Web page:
Background and objectives: An analysis of the clinicopathologic features and treatment of patients with postirradiation sarcoma of bone and soft tissue was performed to guide modern evaluation and management.
Methods: A retrospective analysis of 135 sarcomas in 130 patients was performed.
Results: The mean age of the 130 patients was 48 years, and there was a female predominance because of irradiation for carcinomas of the breast and uterus. Indication for irradiation was a soft tissue lesion (such as lymphoma or breast cancer) in 58.5% of patients and a bone lesion (such as giant cell tumor or fibrous dysplasia) in 41.5%. The latent period (interval between irradiation and discovery of the sarcoma) ranged from 4-55 years (mean, 17 years). Of the lesions, 74% were stage IIB (high-grade extra-compartmental) and 24% were stage III (metastases). Ninety-four patients received their treatment at our institution. Of the 61 patients with resectable disease, 49 had amputations and 12 had limb salvage procedures. The 5-year cumulative survival rate was 68.2% for patients with peripheral (extremities, including proximal femur and hip) resectable lesions and 27.3% for patients with central (pelvis, head/neck, and ribs) resectable lesions. The local recurrence rate correlated with the surgical margin achieved: intralesional, 73%, marginal, 64%, and wide, 23%.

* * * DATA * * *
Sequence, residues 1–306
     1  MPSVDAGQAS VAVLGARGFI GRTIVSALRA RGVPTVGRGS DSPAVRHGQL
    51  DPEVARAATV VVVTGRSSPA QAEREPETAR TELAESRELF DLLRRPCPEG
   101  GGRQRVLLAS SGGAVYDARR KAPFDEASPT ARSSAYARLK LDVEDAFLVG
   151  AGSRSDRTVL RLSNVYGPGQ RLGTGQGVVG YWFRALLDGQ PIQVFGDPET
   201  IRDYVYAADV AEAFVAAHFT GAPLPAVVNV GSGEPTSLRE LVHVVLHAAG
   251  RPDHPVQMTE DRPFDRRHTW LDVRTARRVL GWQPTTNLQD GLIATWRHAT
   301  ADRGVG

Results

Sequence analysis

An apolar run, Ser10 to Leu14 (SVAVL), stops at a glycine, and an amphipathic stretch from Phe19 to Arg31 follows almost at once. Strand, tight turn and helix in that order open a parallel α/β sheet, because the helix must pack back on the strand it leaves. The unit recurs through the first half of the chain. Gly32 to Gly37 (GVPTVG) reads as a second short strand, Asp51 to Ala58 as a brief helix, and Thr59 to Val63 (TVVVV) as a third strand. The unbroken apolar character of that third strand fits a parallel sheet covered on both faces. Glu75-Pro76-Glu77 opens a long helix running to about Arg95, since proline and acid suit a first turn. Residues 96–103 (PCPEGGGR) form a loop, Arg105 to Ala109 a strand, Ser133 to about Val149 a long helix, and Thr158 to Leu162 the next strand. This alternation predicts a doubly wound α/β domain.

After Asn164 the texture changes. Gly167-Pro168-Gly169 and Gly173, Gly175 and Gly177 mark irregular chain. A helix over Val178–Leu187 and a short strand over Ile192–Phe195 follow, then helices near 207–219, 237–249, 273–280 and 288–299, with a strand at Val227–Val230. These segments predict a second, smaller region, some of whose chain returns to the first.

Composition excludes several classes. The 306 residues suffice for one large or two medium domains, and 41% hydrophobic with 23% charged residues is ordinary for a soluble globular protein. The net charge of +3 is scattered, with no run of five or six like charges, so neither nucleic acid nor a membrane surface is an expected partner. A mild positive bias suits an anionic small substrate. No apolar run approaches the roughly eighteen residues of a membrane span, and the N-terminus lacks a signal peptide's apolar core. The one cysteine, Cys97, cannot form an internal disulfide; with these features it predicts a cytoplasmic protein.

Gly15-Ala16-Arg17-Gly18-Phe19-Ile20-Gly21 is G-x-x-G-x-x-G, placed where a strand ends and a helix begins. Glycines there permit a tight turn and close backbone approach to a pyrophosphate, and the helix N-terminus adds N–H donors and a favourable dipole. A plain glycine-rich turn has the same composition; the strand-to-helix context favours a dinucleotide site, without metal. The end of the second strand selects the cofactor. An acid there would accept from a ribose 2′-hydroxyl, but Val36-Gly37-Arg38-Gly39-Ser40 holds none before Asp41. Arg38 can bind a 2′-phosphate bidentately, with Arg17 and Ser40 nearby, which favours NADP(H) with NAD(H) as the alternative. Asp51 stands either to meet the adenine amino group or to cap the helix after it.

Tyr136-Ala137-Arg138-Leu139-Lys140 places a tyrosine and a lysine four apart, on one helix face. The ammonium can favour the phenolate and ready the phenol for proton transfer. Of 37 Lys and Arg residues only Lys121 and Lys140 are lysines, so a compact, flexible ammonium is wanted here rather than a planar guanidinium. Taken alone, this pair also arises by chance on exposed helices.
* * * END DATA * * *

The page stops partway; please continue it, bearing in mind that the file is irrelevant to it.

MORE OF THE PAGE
Conclusions: The prognosis for patients with peripheral resectable postirradiation sarcomas is good if a wide surgical margin can be achieved. This group of patients should be treated aggressively because they have a new cancer.
Copyright 2000 Wiley-Liss, Inc.